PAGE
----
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Healthy eating may improve mental health

March 7, 2019—Healthy eating isn't just good for your body. It might be good for your mood if you're feeling down or depressed, a new study suggests.

Researchers looked at data on nearly 46,000 people who had taken part in 16 previous studies that looked at the effects of diet on depression symptoms. The dietary patterns followed in those studies focused on shedding excess pounds, boosting nutrition or reducing dietary fat.

Eating for mood

So what kind of diet worked best for mental health? All three types of dietary improvements—fewer calories, more nutrients and less fat—appeared equally good at easing the symptoms of depression. And that's good news, because it means people might not have to follow a highly specific meal plan to improve their mood, one researcher noted. Instead, turning away from junk food and making simple changes, like these, might help:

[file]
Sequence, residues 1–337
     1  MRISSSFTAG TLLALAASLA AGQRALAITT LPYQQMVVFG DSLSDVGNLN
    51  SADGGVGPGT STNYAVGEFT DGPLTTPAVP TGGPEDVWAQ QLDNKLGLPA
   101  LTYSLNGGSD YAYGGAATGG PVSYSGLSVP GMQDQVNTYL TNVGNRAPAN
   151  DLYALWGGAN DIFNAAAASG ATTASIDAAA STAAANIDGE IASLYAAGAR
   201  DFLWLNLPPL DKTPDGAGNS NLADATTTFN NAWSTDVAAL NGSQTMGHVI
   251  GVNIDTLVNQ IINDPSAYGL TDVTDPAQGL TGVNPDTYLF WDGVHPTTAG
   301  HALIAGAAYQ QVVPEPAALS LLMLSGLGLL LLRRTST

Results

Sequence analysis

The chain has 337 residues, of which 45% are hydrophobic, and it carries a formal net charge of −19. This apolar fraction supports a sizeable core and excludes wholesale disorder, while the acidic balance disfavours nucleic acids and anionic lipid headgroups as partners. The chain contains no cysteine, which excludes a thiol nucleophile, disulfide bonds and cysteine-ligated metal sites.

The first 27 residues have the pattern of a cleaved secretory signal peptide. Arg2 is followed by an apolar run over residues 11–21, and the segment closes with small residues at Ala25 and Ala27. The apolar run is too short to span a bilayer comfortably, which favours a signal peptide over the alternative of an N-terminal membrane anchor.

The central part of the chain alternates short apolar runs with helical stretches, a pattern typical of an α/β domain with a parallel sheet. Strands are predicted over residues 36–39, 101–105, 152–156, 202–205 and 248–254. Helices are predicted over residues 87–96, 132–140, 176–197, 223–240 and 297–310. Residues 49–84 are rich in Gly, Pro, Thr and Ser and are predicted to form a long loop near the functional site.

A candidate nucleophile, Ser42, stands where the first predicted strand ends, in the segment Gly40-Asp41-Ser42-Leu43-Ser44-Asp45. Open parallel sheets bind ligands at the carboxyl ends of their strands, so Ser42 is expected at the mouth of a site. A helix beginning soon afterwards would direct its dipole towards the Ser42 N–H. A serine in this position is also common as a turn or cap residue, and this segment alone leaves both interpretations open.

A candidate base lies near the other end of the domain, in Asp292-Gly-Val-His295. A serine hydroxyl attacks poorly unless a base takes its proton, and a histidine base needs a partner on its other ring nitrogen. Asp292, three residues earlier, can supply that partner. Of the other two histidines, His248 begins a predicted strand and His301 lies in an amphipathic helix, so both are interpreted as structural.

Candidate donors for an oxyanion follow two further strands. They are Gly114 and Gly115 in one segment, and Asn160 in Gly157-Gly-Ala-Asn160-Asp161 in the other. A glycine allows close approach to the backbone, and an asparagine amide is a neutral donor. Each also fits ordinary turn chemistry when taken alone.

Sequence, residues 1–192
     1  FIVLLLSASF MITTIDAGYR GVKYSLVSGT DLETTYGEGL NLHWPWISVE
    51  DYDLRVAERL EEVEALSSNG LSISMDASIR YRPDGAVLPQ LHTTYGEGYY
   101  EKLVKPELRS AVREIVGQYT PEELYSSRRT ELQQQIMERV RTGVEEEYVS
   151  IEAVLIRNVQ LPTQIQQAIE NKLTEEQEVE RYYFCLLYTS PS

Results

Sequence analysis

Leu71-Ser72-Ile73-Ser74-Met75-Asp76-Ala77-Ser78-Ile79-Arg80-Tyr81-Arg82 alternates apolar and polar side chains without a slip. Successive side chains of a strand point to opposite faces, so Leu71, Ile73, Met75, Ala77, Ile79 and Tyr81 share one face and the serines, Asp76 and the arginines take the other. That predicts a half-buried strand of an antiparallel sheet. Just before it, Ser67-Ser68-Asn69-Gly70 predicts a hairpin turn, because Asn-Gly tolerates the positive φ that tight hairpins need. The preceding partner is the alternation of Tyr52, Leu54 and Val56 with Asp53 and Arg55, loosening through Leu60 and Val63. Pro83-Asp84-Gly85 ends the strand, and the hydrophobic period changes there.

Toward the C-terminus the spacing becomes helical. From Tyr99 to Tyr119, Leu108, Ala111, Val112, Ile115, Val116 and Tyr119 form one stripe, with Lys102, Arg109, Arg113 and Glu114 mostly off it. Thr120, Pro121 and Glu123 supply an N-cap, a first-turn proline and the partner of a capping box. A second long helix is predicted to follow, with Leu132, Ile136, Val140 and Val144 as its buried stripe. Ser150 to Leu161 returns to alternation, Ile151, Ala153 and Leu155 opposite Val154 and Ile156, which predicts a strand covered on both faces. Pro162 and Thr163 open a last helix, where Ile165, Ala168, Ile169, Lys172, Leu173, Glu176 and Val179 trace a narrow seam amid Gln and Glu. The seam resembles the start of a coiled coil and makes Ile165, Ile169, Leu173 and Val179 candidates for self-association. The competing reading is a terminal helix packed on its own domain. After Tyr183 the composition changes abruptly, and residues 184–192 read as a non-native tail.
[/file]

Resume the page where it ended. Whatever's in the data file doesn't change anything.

• Eating more fiber-rich foods and veggies.
  • Cutting back on convenience foods and refined sugars (like sweets).

It's important to note that most of the people in the previous studies had nonclinical depression. So while they had symptoms of depression, they hadn't actually been diagnosed with the condition. Even so, following a healthier diet seemed to lift the participants' low spirits. And there was more. When they combined eating well with exercising (another known mood-lifter), they felt even better.

But how?

The researchers aren't sure how healthier eating might help people feel less depressed. But they suspected that it might be through reducing obesity, fatigue or inflammation. These have been linked to diet and may affect mental health, according to the research team.

The study appeared in the journal Psychosomatic Medicine.

Improve your plate

Want to start eating better today? You can begin by making your favorite foods a little healthier.

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